Joseph and Fruit Bearing

“Joseph is a fruitful bough, even a fruitful bough by a well; whose branches run over the wall: The archers have sorely grieved him, and shot at him, and hated him: But his bow abode in strength, and the arms of his hands were made strong by the hands of the mighty God of Jacob; (from thence is the shepherd, the stone of Israel).”
—Genesis 49:22-24

THE SCRIPTURES FREQUENTLY┬árefer to things of nature as illustrations of spiritual truths. For our encouragement, let our thoughts for a while be among the trees and boughs, the wells and springs which are so often seen to be the emblems of spiritual life and growth. The psalmist speaks of a righteous man as “a tree planted by the rivers of water.” Jesus said, “I am the vine, ye are the branches.” Genesis speaks of “the tree of the knowledge of good and evil.” John the Revelator speaks of “the tree of life,” and of those having a right to its fruit. (Ps. 1:3; John 15:5; Gen. 2:17; Rev. 22:2,14) We also read of the palm tree; the cedars of Lebanon; the olive and fig trees, and many others which are used in the Scriptures as symbols of various characteristics of individuals and nations.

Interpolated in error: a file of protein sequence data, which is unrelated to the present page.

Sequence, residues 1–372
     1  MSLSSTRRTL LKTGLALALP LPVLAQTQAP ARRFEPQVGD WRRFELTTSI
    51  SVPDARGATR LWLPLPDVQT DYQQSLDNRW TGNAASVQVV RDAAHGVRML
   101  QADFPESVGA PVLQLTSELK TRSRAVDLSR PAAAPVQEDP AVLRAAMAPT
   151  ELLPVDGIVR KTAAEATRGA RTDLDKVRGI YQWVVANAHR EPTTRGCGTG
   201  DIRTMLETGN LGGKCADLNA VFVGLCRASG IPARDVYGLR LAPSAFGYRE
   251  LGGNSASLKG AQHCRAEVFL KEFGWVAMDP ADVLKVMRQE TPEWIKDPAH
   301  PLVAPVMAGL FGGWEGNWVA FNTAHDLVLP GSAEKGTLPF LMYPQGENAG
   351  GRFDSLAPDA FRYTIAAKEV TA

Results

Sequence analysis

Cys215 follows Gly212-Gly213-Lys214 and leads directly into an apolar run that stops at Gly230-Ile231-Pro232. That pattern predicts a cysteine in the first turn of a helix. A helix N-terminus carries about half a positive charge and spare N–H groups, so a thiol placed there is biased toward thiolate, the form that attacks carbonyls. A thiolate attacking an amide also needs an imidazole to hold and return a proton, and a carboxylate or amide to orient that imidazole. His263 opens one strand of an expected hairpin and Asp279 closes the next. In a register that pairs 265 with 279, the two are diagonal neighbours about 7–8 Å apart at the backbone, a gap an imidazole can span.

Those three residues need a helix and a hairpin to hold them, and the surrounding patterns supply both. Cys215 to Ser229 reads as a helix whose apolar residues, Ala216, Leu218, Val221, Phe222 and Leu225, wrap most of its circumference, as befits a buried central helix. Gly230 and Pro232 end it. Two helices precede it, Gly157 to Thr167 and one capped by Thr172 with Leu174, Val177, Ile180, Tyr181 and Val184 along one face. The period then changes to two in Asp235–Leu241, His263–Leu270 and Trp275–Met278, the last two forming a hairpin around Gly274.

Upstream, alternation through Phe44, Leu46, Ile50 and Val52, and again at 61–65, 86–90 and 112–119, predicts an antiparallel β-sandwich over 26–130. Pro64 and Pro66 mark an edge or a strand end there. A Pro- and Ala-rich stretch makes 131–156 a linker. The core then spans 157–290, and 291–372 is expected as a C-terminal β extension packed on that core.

Jacob, at the end of his days, called for his sons, that before his death he might confer blessings upon them and give them certain warnings. Through his long experience he had closely observed the peculiar and varying characteristics of his family, which, of course, is quite natural for parents to do. He was probably able to determine measurably the course each would take in life, and consequently the results which would follow the fruitage of their lives.